Chromatin, the assembly of DNA and its associated proteins, constitutes the template for most nuclear processes, including transcription, replication and DNA damage repair. Faithful regulation of chromatin processes is central to normal cellular function and development. Employing a broad range of genome-wide approaches to interrogate chromatin, backed by extensive computational analytics, our lab has been interested the functional consequences of aberrant chromatin in cancer development.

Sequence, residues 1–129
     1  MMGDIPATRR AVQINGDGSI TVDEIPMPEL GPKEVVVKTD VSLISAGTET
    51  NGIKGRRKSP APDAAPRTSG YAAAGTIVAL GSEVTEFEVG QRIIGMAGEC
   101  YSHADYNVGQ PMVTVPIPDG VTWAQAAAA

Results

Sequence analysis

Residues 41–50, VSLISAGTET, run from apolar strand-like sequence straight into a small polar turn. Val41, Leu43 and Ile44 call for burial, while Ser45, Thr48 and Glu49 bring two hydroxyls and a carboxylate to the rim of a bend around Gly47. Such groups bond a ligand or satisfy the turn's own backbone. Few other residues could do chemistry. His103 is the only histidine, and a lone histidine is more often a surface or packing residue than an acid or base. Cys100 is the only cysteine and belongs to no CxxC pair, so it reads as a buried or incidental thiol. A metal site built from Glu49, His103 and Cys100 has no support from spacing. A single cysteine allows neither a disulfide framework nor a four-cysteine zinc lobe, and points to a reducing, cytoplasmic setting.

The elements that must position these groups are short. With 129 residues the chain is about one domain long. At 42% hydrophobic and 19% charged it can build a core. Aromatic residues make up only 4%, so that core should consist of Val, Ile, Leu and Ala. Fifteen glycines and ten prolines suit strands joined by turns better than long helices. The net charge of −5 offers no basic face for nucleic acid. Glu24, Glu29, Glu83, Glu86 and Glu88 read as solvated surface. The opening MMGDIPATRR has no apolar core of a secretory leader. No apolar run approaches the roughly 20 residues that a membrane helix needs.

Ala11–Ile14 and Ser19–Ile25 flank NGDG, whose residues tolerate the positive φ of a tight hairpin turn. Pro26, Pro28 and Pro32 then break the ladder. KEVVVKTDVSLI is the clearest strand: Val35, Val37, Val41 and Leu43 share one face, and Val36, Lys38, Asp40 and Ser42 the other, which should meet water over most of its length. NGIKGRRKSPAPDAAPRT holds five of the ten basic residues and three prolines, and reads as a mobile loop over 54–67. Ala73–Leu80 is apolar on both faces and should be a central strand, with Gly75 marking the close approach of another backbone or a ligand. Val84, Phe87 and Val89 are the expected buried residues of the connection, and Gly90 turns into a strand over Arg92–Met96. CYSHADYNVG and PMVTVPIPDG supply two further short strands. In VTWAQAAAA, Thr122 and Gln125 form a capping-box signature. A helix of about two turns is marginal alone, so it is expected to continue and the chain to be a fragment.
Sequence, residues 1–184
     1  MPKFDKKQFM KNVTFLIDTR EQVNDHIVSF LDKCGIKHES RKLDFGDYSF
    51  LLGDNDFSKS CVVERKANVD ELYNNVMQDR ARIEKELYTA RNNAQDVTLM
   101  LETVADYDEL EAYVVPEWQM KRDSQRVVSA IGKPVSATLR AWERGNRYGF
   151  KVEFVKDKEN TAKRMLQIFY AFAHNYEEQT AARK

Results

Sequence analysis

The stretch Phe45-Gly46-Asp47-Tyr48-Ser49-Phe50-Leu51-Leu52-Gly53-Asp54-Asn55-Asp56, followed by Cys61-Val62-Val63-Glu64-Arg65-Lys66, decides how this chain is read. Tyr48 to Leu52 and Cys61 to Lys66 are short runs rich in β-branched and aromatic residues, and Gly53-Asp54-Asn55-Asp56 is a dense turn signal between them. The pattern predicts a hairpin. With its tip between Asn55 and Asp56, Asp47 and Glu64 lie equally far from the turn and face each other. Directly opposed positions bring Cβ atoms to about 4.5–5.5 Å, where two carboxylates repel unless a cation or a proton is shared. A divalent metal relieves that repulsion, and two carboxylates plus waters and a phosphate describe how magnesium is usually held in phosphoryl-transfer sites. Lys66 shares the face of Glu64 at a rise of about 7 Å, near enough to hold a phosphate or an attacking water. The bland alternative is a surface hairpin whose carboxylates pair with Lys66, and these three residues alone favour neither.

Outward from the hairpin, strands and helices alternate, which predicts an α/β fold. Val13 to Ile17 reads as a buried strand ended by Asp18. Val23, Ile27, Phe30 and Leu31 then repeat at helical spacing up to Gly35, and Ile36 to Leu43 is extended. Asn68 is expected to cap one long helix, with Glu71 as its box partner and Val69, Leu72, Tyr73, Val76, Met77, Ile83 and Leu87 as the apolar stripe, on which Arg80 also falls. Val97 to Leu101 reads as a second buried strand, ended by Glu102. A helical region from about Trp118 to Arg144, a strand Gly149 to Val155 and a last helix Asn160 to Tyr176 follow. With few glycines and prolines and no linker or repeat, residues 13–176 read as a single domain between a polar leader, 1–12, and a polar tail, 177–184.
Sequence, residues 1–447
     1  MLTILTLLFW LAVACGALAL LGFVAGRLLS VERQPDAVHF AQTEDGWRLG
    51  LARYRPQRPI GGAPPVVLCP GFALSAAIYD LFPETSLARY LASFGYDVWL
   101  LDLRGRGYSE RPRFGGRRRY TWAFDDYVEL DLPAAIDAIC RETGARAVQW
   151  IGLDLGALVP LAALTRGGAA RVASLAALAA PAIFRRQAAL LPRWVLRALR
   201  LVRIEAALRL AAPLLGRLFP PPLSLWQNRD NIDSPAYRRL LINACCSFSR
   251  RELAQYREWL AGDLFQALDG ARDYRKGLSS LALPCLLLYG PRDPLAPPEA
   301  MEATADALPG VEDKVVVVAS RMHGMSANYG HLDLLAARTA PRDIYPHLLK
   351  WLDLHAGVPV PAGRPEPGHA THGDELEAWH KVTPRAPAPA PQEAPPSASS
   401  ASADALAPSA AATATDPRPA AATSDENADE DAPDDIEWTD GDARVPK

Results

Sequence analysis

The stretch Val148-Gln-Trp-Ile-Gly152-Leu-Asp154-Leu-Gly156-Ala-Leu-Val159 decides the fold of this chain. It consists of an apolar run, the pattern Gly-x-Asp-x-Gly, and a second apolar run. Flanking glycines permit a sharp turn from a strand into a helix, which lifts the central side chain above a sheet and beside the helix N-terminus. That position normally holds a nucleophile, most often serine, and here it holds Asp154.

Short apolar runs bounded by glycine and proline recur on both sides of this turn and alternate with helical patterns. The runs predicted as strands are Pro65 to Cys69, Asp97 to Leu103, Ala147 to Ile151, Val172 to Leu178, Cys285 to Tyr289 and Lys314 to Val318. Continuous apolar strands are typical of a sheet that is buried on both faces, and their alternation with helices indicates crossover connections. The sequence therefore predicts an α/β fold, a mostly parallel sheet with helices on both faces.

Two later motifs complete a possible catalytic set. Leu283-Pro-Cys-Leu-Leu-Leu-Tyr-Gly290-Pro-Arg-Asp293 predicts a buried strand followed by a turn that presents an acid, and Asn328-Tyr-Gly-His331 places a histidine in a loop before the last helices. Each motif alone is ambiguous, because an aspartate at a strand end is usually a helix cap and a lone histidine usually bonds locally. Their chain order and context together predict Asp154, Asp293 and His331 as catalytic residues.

We study these processes in two primary models: Ewing Sarcoma and Renal Cell Carcinoma. Ewing sarcoma, a tumor of children and young adults, is characterized by a chromosomal translocation that creates a transcriptional factor that gains chromatin remodeling activity. Regulators of chromatin are commonly mutated in clear cell renal cell carcinoma. The lab offers a unique opportunity to bridge high-throughput sequencing-based approaches with cellular and biochemical studies.